- IT security controls, with increased emphasis on prevention and detection
of unauthorized access and physical intrusion
- The impact of system access on segregation of duties
- The adequacy of fraud detection and monitoring tools such as of fraudrelated computer-assisted auditing techniques
- Inappropriate modifications to computer programs by IT personnel, such
as falsification of financial reports
- The system override of control features, such as using information
systems to circumvent control activities
- The ability to investigate computer misuse, such as computer
forensics/incident response capabilities and maintaining system logs for
an adequate period to perform investigations
General computer controls related to security should be tested to ensure they
are operating effectively and they should be documented.

Create a strong value system and a culture of ethical financial reporting to


overcome fraudulent financial reporting that involves management override
of internal controls.

Implement appropriate oversight measures by the board of directors or audit


committee.

Implement appropriate ongoing monitoring imbedded in the course of


operations and built into the normal, recurring operating activities of the
agency. It should include regular management and supervisory activities and
other actions personnel take in performing their duties. It is essential that the
agencys plan, approach, and scope of monitoring activities be documented
and reviewed from time to time. Managements monitoring systems should
be evaluated in terms of the following:
- Management s responsibility for enforcement and monitoring of the
antifraud program and policies

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Management prompt and sufficient response to significant deficiencies


and material internal control weaknesses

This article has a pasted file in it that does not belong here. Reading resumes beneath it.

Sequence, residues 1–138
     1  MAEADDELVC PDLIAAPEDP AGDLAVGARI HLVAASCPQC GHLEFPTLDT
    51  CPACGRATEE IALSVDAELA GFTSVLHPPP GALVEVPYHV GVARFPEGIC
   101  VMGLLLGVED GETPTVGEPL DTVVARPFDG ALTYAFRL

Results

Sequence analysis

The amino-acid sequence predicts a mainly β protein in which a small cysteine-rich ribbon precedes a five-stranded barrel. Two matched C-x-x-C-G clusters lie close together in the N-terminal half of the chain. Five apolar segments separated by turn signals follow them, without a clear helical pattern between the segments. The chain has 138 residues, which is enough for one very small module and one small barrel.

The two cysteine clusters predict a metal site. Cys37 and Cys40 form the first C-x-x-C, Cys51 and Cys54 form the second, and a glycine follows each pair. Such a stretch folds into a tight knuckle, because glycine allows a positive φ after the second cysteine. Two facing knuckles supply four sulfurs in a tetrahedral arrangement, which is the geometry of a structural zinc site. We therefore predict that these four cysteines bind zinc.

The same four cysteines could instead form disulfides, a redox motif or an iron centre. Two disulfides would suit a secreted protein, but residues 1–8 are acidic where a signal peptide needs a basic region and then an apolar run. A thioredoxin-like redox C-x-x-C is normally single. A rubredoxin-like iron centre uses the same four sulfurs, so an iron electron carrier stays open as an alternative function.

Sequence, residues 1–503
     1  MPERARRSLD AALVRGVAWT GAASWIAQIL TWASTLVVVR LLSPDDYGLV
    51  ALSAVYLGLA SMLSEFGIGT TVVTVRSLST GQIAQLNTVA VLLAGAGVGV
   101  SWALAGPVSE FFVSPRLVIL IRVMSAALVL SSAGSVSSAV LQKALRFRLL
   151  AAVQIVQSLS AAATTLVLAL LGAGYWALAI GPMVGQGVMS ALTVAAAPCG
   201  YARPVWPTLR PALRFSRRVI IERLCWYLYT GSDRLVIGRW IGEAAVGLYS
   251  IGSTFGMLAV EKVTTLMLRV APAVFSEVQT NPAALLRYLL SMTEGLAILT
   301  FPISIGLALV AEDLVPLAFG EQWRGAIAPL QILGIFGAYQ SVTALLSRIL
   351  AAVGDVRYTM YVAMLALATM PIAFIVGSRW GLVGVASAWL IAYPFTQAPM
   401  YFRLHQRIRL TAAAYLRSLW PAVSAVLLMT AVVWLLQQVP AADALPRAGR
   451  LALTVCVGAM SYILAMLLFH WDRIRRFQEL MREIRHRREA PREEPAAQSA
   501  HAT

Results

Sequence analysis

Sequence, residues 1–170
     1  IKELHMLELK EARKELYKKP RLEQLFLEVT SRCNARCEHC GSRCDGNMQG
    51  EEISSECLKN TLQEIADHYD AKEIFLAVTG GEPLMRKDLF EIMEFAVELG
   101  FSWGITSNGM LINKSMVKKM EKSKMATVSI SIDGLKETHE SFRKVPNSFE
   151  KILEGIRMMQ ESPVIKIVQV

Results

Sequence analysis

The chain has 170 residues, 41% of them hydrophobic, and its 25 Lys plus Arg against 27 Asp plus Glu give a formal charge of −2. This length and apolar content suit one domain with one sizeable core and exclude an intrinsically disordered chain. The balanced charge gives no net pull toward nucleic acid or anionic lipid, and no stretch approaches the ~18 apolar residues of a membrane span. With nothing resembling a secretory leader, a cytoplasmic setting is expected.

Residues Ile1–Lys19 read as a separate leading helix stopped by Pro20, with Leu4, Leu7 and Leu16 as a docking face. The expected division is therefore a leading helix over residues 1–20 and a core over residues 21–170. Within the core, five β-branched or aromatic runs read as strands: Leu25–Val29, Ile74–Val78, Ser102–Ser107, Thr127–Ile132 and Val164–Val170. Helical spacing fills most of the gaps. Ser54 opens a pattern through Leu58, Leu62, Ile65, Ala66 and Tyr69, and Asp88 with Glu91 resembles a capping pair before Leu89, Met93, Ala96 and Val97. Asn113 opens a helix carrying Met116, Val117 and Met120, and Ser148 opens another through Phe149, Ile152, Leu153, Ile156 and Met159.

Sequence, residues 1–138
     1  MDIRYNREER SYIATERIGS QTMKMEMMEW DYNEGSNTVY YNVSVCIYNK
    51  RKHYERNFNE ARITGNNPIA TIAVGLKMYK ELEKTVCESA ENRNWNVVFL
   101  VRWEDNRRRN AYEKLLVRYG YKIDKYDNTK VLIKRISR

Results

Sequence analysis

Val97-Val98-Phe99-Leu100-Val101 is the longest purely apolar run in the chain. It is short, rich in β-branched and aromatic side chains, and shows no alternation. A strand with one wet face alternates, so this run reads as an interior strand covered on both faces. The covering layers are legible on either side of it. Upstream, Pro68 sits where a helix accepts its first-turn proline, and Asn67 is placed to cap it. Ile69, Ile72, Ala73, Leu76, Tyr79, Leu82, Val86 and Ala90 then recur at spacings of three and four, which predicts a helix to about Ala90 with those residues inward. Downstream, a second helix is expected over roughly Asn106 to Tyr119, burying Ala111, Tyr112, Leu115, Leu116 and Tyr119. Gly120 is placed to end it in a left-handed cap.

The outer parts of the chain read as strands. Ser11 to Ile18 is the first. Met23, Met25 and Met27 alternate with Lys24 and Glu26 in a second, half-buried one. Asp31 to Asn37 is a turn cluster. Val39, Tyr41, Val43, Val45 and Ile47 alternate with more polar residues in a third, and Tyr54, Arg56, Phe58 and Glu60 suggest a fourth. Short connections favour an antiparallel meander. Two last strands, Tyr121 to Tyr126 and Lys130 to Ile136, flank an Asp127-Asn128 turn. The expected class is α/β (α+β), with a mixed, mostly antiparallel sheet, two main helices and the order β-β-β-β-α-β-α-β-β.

- Managements responsiveness to internal and external auditor
recommendations regarding ways to strengthen antifraud controls
- The knowledge and experience of individuals, and whether they receive
periodic and adequate training with regard to fraud.
-

Actual agencies best practices include:


a.

Agency implemented the following controls:

Cash controls all mail is opened in a central mail room and remittances are
immediately entered to a cash system and processed for deposit two
employees must be present at all times.

Reconciliations
Segregation of duties
Consulting with Internal Audit when major processes are changed
Employees review and sign telephone logs.
Approval levels for expenditure and refund transactions
Original deposit documentation provided and verified prior to a refund.
b. A balance and check system is in place, such that no one employee processes and
releases a single payment by him or herself.
c. Agency staff is aware of the need for constant examination and improvement of
internal controls. All internal audits performed examine the adequacy and
effectiveness of the internal controls in the area under audit.
d. Agency requires major funds ethics reports of staff and board
e. Internal Audit develops an internal audit plan
f.

Management ensures the implementation of audit recommendations

g. Agency developed major fund investment procedures manual

III. Appropriate Oversight Process


1. Audit Committee or Board of Directors

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Best practices in this area include:

Have key oversight roles with respect to the code of conduct. Evidence of
their oversight role should be documented in the board of directors and audit
committee charters and meeting minutes.
Evaluate managements activities relating to the following:
The process for identifying and documenting fraud risk
The types of fraud considered by management (fraudulent financial
reporting, misappropriation of assets, unauthorized or improper receipts
and expenditures, and fraud by senior management)
- The level at which risk is considered (company-wide, business unit and
significant account)
- The level of likelihood of fraud (probable, reasonably possible and
remote)
- The level of significance of fraud (inconsequential, more than
inconsequential or material)
Agencies will need to reach their own conclusions with respect to the cost of
controlling a risk compared to the benefits of mitigating or eliminating that
risk. However, an agency should have a documented process that assesses,
identifies, and evaluates fraud risk.
-

Have an active oversight to help reinforce managements commitment to


creating a culture with zero tolerance for fraud.

Ensure that senior management implements appropriate fraud deterrence and